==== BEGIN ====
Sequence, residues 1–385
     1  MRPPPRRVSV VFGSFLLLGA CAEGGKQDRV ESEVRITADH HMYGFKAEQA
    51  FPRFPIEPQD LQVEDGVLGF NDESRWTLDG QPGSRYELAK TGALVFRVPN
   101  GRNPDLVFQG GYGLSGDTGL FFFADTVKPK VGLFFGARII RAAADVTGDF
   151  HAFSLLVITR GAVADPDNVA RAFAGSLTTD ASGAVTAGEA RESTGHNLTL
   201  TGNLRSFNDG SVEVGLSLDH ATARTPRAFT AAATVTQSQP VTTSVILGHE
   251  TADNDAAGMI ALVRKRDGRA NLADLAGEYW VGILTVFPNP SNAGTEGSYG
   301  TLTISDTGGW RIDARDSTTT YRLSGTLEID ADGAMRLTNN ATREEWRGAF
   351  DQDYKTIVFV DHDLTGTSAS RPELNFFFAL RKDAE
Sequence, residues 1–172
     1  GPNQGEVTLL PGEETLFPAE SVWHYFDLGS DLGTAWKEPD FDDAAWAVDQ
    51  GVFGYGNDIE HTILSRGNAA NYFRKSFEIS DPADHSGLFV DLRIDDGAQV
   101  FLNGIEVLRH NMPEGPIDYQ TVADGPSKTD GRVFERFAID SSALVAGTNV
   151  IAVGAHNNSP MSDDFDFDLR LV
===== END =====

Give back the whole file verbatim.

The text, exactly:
Sequence, residues 1–385
     1  MRPPPRRVSV VFGSFLLLGA CAEGGKQDRV ESEVRITADH HMYGFKAEQA
    51  FPRFPIEPQD LQVEDGVLGF NDESRWTLDG QPGSRYELAK TGALVFRVPN
   101  GRNPDLVFQG GYGLSGDTGL FFFADTVKPK VGLFFGARII RAAADVTGDF
   151  HAFSLLVITR GAVADPDNVA RAFAGSLTTD ASGAVTAGEA RESTGHNLTL
   201  TGNLRSFNDG SVEVGLSLDH ATARTPRAFT AAATVTQSQP VTTSVILGHE
   251  TADNDAAGMI ALVRKRDGRA NLADLAGEYW VGILTVFPNP SNAGTEGSYG
   301  TLTISDTGGW RIDARDSTTT YRLSGTLEID ADGAMRLTNN ATREEWRGAF
   351  DQDYKTIVFV DHDLTGTSAS RPELNFFFAL RKDAE
Sequence, residues 1–172
     1  GPNQGEVTLL PGEETLFPAE SVWHYFDLGS DLGTAWKEPD FDDAAWAVDQ
    51  GVFGYGNDIE HTILSRGNAA NYFRKSFEIS DPADHSGLFV DLRIDDGAQV
   101  FLNGIEVLRH NMPEGPIDYQ TVADGPSKTD GRVFERFAID SSALVAGTNV
   151  IAVGAHNNSP MSDDFDFDLR LV